Malaria: A Fatal Mosquito-Borne Disease That Affects the Blood
What Is Malaria?
Malaria is a disease which is caused by the Anopheles mosquito, and a person can get this disease from a bite by an infected mosquito. The plasmodium falciparum parasite can kill red blood cells and it can change adhesive properties of the victim’s cell. This becomes even more dangerous when the infected blood cells stick to the brain capillaries which will then obstruct the flow of blood. This health condition is known as cerebral malaria. The plasmodium parasite is neither a virus nor a bacterium. It is a single-celled parasite that reproduces in an individual’s red blood cells, as well as in the intestine of mosquitoes. When a female mosquito stings a contaminated person, the insect will ingest both male and female forms of the parasite. The two genders of this parasite meet and mate in the mosquito’s intestine. The infective forms are then passed to another individual when the mosquito feeds again.
According to studies, about 40% of the world’s population is vulnerable to this disease, especially those living in tropical and sub-tropical regions of the globe. Malaria is not a common disease in the United States, but it can be found in certain regions, such as Africa, Central and South America, and Southern part of Asia.
The Causes and The Risk Factors For Contracting The Disease
A person can get this mosquito-borne disease if he or she is bitten by an infected insect, or if they receive infected blood from someone while undergoing blood transfusion. Additionally, pregnant mothers can also transmit the disease to their unborn child.
The mosquito carrying the Plasmodium parasite can get it from a human being or animal that is already infected. Once the parasite is inside the body, it will continue to multiply and change. The parasite will continue to infect the red blood cells until the cell eventually bursts spreading the parasite throughout the body which causes malaria. Some of the risk factors for contracting this mosquito-borne disease include:
- Going to areas where malaria is widespread
- Not taking medicine and vaccine shots to prevent malaria before going to other places. This is applicable for those who are travelling.
- oStaying outdoors during dusk and dawn, especially in rural places, when mosquitoes are highly active
Signs Of Malaria And How To Prevent It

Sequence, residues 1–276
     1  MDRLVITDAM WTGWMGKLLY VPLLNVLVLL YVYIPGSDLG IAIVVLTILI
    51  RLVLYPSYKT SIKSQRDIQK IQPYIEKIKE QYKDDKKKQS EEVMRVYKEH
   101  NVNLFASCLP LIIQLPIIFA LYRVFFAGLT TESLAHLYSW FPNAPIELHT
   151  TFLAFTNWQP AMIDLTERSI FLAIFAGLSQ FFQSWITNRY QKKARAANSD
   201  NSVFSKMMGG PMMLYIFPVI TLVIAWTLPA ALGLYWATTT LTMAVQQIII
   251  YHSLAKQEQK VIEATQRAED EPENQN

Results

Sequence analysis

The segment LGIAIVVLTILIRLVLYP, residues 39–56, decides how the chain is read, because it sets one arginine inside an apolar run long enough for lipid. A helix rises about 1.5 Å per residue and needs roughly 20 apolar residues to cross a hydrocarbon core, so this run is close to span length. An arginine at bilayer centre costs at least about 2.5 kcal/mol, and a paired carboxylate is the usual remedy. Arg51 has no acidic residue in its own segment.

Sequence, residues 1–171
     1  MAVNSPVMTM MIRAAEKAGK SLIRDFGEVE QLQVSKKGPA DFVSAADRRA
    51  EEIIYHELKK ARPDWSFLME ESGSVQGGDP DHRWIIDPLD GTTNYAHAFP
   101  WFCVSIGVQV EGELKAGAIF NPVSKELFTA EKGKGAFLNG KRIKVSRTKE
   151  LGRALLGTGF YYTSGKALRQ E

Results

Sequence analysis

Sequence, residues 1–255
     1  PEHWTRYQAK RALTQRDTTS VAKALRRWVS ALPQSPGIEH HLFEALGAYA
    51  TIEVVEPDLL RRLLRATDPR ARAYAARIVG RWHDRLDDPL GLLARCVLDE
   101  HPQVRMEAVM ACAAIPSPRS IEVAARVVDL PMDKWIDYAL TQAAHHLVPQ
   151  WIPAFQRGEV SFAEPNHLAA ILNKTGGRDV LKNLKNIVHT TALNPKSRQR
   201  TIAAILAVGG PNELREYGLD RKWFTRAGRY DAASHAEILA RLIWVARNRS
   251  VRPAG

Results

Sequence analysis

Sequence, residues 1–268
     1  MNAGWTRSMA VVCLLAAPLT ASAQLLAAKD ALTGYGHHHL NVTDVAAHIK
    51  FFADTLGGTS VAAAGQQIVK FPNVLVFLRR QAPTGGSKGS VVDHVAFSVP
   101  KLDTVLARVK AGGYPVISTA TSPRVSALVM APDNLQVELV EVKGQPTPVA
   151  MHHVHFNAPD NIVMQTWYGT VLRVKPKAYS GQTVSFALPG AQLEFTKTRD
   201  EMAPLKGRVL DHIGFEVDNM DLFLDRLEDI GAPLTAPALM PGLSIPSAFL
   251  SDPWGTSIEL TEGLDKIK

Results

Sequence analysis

When a person contracts this disease, there are certain symptoms that appear around 12 to 14 days of infection, this includes:
- Chills, high fever, and sweats
- Diarrhea, vomiting, and nausea
- Poor appetite
- Low blood pressure
- Abdominal pains and muscle aches
Other symptoms that might manifest for those infested with P. falciparum may include:
- Anemia- can result due to the damaged red blood cells
- Over fatigue, convulsions, delirium, and in worse cases, it can lead to coma
- Kidney failure
- Pulmonary edema- a fatal condition where the fluids build up in the victim’s lungs which can lead to fatal breathing problems.
These symptoms may begin 10 days to 4 weeks after infection for some people, although there are also some who may feel ill as early as 7 days or as late as one year. Malaria is a disease that is curable if it is diagnosed and treated immediately.
Although it is a curable disease, it is still more practical to avoid contracting the disease altogether. One of the best ways to lower the risk of contracting malaria, aside from getting the necessary vaccines is by eliminating mosquitoes. Getting rid of mosquitoes, especially in rural and urban areas can successfully lower the risk of getting this mosquito-borne disease. Malaria was once widespread in the US and southern Europe, but with proper pest control programs, combined with monitoring and treatment of infected humans, it was successfully treated.
- Flood: Scientist warns of looming mosquito-borne diseases (vanguardngr.com)
- The Science Behind Malaria (thewrittenblit.com)
- Malaria Vaccine Candidate Produces Disappointing Results in Clinical Trial (nytimes.com)